Crypto miners in Russia could be set to pay higher electricity fees in 2022, but the development could allow miners to ply their trade without further scrutiny from energy providers – who may even assist them in setting up their operations in ways that place less strain on local grids.
Some have been worried that the slow pace at which the government is moving towards crypto legislation would leave both the miners and power providers in limbo. But per the media outlets Kommersant and Glas Naroda, the government appears to have found a work-around that does not involve any legislative changes.
In an official decree, the government explained that it has handed local governors the power to “independently determine the maximum volume of electricity consumption” that citizens can use at “preferential” residential rates. Anyone exceeding this maximum volume limit will be forced to pay higher rates – which can be determined by the regions and power companies themselves.
The system is not exactly brand-new: it has been pioneered in Crimea and particularly in its largest city, Sevastopol, where citizens’ energy usage at lower residential rates is capped at 150 kWh per month.
The Ministry of Energy assured that the measure was not a means to drive an increase in energy tariffs, claiming that its purpose was solely to “combat inappropriate energy consumption.”
Regions have also been given the power to set “different tariffs for certain groups of the population” – in other words, to ramp up electricity fees for people power providers have identified as crypto miners.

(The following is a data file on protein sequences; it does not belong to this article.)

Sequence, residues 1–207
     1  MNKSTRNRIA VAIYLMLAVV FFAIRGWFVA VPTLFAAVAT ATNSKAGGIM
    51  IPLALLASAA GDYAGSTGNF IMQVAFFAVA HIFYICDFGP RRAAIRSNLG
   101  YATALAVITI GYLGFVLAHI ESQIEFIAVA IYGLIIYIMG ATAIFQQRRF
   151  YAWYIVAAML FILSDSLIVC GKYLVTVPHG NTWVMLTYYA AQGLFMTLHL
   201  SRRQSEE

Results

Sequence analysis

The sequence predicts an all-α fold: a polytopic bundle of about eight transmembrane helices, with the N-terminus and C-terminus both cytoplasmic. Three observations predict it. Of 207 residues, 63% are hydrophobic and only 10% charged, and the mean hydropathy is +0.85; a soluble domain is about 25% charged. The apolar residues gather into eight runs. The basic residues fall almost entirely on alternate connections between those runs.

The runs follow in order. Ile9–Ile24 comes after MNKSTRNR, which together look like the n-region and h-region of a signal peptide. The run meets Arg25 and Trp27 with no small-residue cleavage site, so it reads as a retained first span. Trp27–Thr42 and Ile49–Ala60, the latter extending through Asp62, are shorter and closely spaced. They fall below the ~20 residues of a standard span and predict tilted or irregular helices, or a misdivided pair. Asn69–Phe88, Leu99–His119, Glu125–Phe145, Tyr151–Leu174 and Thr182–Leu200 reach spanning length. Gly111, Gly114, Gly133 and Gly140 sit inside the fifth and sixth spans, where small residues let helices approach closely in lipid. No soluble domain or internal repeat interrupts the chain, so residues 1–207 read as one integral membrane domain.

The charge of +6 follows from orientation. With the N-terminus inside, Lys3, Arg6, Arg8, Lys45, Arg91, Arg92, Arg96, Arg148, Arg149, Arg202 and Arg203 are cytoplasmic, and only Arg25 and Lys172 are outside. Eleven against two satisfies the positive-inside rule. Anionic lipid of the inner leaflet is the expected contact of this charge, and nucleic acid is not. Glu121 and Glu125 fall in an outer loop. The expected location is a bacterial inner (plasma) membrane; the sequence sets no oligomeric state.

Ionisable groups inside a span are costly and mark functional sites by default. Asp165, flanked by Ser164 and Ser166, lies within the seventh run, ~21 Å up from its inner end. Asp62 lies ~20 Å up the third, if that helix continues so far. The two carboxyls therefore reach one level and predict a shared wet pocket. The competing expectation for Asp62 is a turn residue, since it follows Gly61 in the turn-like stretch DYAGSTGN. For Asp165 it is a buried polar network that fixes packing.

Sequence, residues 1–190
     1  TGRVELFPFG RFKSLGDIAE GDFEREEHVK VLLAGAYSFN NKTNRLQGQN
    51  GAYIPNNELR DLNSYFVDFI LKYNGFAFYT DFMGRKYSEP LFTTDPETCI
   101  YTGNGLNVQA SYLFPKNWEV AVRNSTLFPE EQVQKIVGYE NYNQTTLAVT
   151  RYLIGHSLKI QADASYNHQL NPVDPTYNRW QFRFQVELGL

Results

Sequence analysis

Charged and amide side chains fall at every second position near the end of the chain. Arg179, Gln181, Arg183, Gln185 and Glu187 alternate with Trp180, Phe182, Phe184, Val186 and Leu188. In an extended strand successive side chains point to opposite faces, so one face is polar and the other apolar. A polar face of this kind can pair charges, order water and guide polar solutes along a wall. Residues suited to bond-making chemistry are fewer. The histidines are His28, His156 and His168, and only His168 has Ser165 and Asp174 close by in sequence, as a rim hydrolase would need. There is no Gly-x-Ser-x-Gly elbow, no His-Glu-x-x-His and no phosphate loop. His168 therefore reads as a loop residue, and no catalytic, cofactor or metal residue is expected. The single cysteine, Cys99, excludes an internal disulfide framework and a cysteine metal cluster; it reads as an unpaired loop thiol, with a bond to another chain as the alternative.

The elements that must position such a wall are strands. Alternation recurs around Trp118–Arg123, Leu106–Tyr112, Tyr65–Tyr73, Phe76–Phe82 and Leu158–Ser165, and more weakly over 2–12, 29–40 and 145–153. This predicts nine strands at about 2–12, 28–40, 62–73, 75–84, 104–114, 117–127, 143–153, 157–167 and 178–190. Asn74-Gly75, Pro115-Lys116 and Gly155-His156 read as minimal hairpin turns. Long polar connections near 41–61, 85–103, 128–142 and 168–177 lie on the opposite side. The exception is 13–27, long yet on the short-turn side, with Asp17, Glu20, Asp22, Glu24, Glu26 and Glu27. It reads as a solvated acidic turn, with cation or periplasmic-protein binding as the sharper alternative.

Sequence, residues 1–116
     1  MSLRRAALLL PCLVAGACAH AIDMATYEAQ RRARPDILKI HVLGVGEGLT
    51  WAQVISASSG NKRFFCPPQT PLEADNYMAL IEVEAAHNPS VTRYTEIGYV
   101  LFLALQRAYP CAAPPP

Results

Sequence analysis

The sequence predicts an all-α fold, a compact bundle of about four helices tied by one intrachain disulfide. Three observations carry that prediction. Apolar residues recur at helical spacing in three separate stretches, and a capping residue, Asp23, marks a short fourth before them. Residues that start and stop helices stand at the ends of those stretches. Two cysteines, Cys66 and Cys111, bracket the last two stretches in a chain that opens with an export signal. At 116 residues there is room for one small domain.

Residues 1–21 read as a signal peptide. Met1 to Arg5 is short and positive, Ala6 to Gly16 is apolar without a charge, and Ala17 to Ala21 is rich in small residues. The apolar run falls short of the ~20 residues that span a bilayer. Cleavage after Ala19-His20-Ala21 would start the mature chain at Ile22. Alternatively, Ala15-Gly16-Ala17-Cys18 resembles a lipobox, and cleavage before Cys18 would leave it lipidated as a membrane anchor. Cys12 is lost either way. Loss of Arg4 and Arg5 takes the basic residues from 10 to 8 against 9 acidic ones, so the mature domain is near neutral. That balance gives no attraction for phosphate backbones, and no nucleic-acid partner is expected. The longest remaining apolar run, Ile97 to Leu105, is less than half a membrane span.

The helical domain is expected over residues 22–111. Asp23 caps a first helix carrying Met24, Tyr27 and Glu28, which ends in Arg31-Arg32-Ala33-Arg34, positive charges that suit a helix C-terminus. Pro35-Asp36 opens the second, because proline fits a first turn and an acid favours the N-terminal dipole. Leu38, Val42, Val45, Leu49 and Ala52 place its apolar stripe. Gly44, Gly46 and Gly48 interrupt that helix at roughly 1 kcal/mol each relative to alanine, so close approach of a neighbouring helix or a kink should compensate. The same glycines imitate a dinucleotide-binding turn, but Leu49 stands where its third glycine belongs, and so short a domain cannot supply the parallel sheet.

As for how it came to this situation, as previously reported, certain regions have complained to the government about escalating power usage on their grids. As mining has no legal status in Russia, at present, miners – particularly those working from home – pay the same fees as ordinary households for their electricity.
But some power companies, and regional governors, want crypto mining to be officially recognized as a form of industry or “entrepreneurship” – and want miners to pay for electricity accordingly. If they are prepared to do so, some governors have said, they will be actively welcomed and even assisted in their efforts.
Larger, industrial players have already expressed a willingness to play along – hoping that the government might “legalize” mining in the process and provide them with less regulatory uncertainty.
So, as stated, some have been concerned that the government’s glacial pace of crypto legislation creation would leave miners and power providers in an uneasy limbo for months to come.
But it looks like the changes brought about by the work-around might not take immediate effect. The Governor of the Voronezh Oblast, Alexander Gusev, was quoted as telling citizens in the Central Russian region that he wanted to “assure” them that “such changes” will “not take place until 2023.”
“For 2022, the electricity tariffs for Voronezh residents have already been fixed, following a decision that has already been taken by the federal authorities.”
Other more northerly regions, which have higher numbers of miners, may not want to wait that long, however.
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